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Seller’s fees outlined and explained

12 months ago
Seller’s fees outlined and explained

Have you ever watched Homes Under The Hammer – the TV show that follows the fortunes of people who buy property and usually make a profit from it? Recently, there was one outcome so good that it made the online edition of a national newspaper.

A lady claimed to have bought a property, merely tidied the garden and removed the furniture that had been left behind, and made herself an £18,000 profit when she quickly sold the house on. Like many people, we jumped straight to the comments section to find people hopping mad at the figure.

Those commenting suggested that the £18,000 profit was wide of the mark, with no confirmation whether it was gross or net. It brings us neatly onto the topic of sellers’ fees – expenses that sellers have to pay during their sale and upon completion. If you’re preoccupied with making a profit – which is not how buying and selling should always be viewed – knowing what fees are due will help with overall calculations.

To help with your planning, we have listed the usual fees a seller should expect to pay – and when.

  • Estate agents fees: these are usually paid on the successful sale of a property. Each estate agent is free to set their own fee on a property-by-property basis, but it’s common to pay between 1% and 3% of the property’s value, plus VAT.
  • EPC fee: every property for sale is legally required to show a valid EPC (energy performance certificate). If you haven’t sold a property since 2007, when EPCs were introduced, or your current EPC has expired (they have a 10 year shelf life), you will be required to pay for an EPC before your home is marketed. Expect to pay in the region of £50 to £150 for an inspection.
  • Conveyancing fees: the preparation work to ensure a sale is sound and the legal transfer of ownership is usually handled by a solicitor or conveyancer, and this comes at a cost. There are fees attached to searches, obtaining documents, making an electronic transfer of funds and lodging a change of ownership with the Land Registry. Conveyancing fees do vary but you can expect quotes generally between £500 and £1,500 plus VAT. Some fees will be due during the transaction, while others will be presented upon completion.
  • Mortgage fees: often overlooked when sellers are budgeting, there can be fees levied by banks and building societies if you settle your current mortgage using the proceeds of a sale. Called an early repayment charge, it usually applies to people paying off their fixed- or tracker-rate mortgage before the official deal term ends.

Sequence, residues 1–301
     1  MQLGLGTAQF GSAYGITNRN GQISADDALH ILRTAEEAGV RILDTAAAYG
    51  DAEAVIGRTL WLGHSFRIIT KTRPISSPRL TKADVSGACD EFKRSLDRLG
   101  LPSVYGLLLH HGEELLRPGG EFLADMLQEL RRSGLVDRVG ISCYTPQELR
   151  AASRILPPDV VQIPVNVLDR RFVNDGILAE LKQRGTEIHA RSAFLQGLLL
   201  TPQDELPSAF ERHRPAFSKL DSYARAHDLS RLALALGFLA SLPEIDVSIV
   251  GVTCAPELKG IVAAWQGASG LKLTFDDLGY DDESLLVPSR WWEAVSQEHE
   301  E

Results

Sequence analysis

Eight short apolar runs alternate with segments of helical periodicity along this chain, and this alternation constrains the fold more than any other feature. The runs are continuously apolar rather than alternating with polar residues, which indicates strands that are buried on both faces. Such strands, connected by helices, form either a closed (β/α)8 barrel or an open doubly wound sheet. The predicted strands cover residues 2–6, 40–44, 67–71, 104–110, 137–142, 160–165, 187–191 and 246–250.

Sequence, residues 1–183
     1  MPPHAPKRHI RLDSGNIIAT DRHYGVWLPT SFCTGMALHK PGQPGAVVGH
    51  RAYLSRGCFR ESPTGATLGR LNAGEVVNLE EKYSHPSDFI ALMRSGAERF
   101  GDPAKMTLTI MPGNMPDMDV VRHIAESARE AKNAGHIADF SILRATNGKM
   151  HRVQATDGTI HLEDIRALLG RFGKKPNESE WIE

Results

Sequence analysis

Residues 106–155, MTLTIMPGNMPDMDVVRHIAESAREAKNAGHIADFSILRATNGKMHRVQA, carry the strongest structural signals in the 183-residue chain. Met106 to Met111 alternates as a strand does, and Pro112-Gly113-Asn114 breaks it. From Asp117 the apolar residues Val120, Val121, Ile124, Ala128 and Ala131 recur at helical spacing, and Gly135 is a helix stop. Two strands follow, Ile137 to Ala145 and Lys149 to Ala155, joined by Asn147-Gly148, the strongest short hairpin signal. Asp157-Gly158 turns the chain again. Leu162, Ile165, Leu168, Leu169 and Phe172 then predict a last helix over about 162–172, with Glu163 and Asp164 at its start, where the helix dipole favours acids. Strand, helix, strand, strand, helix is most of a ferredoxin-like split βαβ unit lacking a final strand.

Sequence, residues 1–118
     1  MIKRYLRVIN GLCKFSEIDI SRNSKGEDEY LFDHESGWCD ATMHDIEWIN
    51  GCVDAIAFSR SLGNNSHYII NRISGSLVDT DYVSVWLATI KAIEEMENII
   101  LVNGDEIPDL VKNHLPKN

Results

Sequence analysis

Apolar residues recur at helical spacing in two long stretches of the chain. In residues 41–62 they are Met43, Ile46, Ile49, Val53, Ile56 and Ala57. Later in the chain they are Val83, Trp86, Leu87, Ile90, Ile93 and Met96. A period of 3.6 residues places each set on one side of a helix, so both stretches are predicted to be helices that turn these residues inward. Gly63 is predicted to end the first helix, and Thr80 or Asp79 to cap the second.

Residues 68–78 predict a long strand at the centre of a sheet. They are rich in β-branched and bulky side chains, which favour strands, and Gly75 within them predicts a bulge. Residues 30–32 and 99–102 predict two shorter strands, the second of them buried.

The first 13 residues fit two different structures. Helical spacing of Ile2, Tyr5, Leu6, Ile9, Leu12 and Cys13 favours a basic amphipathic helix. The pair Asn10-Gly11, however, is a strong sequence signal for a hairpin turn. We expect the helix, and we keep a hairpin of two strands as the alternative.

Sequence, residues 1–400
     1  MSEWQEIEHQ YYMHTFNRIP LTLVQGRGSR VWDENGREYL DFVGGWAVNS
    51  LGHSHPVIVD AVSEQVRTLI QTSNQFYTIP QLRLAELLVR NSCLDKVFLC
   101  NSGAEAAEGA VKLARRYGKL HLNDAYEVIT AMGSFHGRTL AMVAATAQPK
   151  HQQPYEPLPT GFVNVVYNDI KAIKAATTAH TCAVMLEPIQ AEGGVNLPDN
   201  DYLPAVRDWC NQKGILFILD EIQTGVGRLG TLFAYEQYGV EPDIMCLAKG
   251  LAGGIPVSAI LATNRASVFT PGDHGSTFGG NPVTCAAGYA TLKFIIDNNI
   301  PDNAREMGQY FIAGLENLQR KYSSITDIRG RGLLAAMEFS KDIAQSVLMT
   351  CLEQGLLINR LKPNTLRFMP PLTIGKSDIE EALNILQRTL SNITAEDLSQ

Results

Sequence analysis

The charge is usually expressed as a percentage of what you owe – usually between 1% and 5%. Borrowers who are on a lender’s standard variable rate may not incur an early repayment charge but they still might be charged an administration or mortgage exit fee to clear the mortgage early.

  • Capital Gains Tax: if you are selling a property that is not your home – such as a buy-to-let, an inherited property or a holiday rental – tax may be due on any profit you make. This is called Capital Gains Tax (CGT) and you must report and pay any CGT to the Government within 60 days of completion. If you’re a basic-rate tax payer, you’ll pay 18% CGT on any profit made from selling the property, or 28% if you pay a higher rate of tax.
  • Removal costs: removal costs vary widely, depending on your approach, the distance you are moving, the amount/size/weight of items you have, and the ease of access at the property you are moving from and to. The cheapest method is to move the items yourself and make repeat trips between two properties in your own car but this will still incur fuel costs. Hiring a van or lorry and moving yourself is the next step up and the most costly option is paying a professional removals company to pack up and move your goods for you.
  • Home Report: in Scotland, a Home Report must be commissioned by a seller by law and it must be made available to any buyer. It’s a document that comprises: a general property condition survey, an EPC, a mortgage valuation and a completed property questionnaire. Expect to pay around £300-£400 plus VAT for a Home Report.

If you would like help with budgeting for a property sale, get in touch. We will explain all the fees that come with using our service, as well as offer advice on getting competitive quotes for removals, conveyancing and even a new mortgage deal.

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